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http://www.meteofrance.com/accueil

This is a very useful Web site, where you can check on the weather forecast for the coming week.

Write the name or postal code of a city / region (ville, code postal) to see local weather for the major French city of your choice.

 

 

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PYHÄPÄIVÄT RANSKASSA

NATIONAL HOLIDAYS IN FRANCE 2016

01.01. "Jour de l'An" (New Year's Day)
28.03. "Lundi de Pâques" (Easter Monday). Only Easter Sunday and Easter Monday are holidays, Good Friday is a normal work day.
01.05. "Fête du Travail" (May First)

05.05. "Ascension" (Ascension Day)

08.05. "Victoire de 1945" (Victory Day commemorating the end of World War II)

16.05. "Lundi de Pentecôte" (Pentecosi)
14.07. "Fête Nationale" (French National Day)
15.08. "Assomption" (Feast of the Assumption)
01.11. "Toussaint" (All Saints' Day)
11.11. "Armistice de 1918" (Armistice Day commemorating the end of World War I)
25.12. "Noël" (Christmas Day). December 24 and December 26 are not national holidays in France.

 

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LAKOT

France is the only European country where workers enjoy the right to go on strike as often as they like, and it has become almost a national pastime. Information on ongoing and upcoming strikes is available at www.cestlagreve.fr, with useful links especially for checking out strikes that effect train and airport traffic. The traffic in entire cities becomes complete chaos when public transport worker's unions go on strike disabling the metro, buses and tramways. Spontaneous "mini strikes" are common; for example, only one out of the 14 metro lines in Paris may be on strike since each metro line operates independently.

LAVENTELI provides information on important strikes and public protests under the Good to Know-heading.

 

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HOTELLEISTA

HOTEL CLASSIFICATIONS

The updated French hotel rating system was taken into use in January 2011. Hotels are now rated from 1 to 5 stars.

1-star: corresponds to an inexpensive hotel. The minimum surface area for a double room must be 9 m², excluding bathroom facilities, which may be private or shared. The reception area should be min. of 20 m2 and open at least 8 hours per day.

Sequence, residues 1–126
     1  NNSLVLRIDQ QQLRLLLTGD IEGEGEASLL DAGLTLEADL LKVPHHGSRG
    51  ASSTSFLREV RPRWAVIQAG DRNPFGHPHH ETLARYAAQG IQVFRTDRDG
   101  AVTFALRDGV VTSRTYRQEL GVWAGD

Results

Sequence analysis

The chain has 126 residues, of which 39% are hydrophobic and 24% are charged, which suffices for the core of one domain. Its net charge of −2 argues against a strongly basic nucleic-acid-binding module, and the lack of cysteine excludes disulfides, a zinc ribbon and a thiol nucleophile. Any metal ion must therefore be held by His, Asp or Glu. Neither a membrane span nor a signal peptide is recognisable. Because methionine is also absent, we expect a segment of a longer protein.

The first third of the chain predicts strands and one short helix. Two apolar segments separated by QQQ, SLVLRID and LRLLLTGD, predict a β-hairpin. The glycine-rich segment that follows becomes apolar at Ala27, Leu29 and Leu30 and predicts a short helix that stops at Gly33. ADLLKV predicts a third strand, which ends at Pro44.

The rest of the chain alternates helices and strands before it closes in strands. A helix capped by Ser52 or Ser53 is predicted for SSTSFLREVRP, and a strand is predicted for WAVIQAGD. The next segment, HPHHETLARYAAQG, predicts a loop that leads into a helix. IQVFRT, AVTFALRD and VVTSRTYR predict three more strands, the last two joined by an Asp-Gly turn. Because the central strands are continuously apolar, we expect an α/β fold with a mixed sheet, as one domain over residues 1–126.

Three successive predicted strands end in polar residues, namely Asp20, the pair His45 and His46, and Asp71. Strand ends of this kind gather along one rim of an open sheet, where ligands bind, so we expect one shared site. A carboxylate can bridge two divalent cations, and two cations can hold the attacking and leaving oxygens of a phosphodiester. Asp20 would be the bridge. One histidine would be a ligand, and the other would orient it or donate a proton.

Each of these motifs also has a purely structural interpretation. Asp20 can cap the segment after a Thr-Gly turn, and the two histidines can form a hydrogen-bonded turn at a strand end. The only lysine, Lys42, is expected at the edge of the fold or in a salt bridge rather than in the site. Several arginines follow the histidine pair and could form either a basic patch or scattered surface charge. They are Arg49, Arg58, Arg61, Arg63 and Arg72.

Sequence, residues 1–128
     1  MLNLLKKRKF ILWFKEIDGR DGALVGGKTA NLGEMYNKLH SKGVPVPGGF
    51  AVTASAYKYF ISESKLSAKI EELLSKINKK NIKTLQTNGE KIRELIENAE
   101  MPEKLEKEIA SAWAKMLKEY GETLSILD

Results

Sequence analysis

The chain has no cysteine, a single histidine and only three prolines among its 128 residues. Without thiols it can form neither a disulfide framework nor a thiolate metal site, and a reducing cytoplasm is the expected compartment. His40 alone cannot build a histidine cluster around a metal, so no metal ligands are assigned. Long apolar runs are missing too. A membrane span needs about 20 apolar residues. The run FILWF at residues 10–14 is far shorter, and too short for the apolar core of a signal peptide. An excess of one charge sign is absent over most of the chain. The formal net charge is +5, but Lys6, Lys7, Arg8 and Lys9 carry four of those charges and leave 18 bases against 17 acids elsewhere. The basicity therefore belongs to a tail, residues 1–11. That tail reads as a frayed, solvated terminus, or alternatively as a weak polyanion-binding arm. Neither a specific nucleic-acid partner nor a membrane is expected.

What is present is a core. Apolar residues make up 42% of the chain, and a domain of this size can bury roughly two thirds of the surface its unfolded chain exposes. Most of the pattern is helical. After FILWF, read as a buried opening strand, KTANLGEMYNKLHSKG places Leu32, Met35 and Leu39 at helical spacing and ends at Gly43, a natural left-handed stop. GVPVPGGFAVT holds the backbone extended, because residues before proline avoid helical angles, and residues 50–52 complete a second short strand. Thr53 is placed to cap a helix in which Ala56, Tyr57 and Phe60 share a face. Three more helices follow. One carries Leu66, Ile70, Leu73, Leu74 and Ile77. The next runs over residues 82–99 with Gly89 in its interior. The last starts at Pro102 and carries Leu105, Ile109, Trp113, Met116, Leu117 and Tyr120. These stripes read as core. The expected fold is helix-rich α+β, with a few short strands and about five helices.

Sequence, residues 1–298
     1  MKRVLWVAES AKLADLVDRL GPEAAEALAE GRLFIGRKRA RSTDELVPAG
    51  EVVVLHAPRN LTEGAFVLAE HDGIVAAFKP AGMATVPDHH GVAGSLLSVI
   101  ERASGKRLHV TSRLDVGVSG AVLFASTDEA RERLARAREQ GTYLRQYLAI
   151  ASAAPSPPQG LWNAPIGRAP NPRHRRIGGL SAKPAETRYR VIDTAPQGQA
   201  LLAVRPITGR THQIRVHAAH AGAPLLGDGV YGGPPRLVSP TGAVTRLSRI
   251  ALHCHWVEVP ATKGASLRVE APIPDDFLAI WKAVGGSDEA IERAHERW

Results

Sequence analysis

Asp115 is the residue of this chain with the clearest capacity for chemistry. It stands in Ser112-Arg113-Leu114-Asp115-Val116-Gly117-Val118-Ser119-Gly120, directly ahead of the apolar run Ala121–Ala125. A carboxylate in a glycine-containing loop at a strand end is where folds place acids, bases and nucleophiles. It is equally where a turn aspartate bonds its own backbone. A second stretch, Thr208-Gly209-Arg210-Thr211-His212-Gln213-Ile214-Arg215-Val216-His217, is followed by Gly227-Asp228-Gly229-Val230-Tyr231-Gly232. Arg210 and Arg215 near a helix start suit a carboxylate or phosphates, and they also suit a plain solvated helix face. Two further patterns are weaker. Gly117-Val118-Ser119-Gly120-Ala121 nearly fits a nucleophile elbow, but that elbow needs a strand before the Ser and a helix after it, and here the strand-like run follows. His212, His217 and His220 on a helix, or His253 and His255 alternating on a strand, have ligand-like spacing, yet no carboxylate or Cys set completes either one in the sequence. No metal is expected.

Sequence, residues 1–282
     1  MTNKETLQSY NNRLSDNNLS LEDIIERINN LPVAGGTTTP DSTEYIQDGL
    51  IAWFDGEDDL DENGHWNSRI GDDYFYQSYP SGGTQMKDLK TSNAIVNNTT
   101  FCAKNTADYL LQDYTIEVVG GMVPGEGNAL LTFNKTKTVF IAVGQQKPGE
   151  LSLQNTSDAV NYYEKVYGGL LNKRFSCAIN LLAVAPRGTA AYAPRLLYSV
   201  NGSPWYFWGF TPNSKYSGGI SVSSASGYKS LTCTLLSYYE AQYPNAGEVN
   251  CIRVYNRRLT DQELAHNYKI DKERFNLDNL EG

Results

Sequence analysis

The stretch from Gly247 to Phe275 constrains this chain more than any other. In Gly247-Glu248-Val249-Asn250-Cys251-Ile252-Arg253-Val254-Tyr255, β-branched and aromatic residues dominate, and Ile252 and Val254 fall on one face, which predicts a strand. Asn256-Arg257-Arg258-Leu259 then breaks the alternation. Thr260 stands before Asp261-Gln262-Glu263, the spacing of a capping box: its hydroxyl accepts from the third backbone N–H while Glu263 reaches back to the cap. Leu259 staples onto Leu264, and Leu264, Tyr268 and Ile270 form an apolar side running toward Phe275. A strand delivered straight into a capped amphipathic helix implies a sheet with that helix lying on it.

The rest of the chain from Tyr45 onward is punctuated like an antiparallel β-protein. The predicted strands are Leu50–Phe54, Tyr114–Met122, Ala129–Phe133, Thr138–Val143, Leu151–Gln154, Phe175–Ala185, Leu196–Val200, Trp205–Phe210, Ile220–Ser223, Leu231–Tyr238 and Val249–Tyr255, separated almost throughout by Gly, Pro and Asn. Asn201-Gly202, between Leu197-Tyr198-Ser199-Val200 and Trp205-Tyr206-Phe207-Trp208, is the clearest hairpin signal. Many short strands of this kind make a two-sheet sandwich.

2-star: The level of comfort and equipment offered is higher than in 1 star hotel. The reception should be open at least 10 hours per day and the hotel must have staff who speaks at least one official European language in addition to French. The minimum surface area for a double room must be 9 m² (excluding bathroom facilities) and the minimum surface area for the lobby must be at least 30m2.

3-star: Corresponds to mid-range hotels, which must have staff who speak at least one official European language in addition to French. Reception must be open at least ten hours per day. The minimum surface area for a double room must be 13.5 m² including bathroom. The surface area of the public spaces, like the lobby, must be at least 50 m². Furthermore, the hotel must be ready to receive international guests and the services offered to the client are important (internet access in the lobby, beverage service…).

4-star: High quality hotel, offering hospitality and attention to their clients. The reception must be open 24 hours if there are more than 30 rooms in the hotel and 12 hours if less. The rooms are spacious, being a minimum of 16 m² including bathroom. The surface area of the public spaces must be at least 70 m2. Air conditioning is a mandatory.

5-star: Superior quality hotel. The rooms are spacious, being a minimum of 24 m². A 5-star hotel must provide staff who can speak two foreign languages (one of which is English) in addition to French, room service, accompaniment to the room, and the possibility to dine at the hotel. The reception must be open 24 hours if there are more than 30 rooms in the hotel and 12 hours if there are less than 30 rooms. Other advantages offered by 5-star hotels include a valet parking service, a concierge, and special facilities in the rooms such as a safe and internet access. Air-conditioning is mandatory.

 

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MESSUISTA

www.salons-online.com or www.biztradeshows.com/france

In France, the dates of exhibitions and trade fairs may be changed at the last moment. All of the most important French trade fairs are on www.salons-online.com . The Web pages are in French, but try the following to find the trade fair you want:

Click "Recherche d'un Salon par sécteur": use this search function to find all trade fairs classified by business sector (e.g. fashion).
Click "Recherche d'un salon par ville" + click the first letter of the city you are interested in: you will then see all the fairs held in that particular city.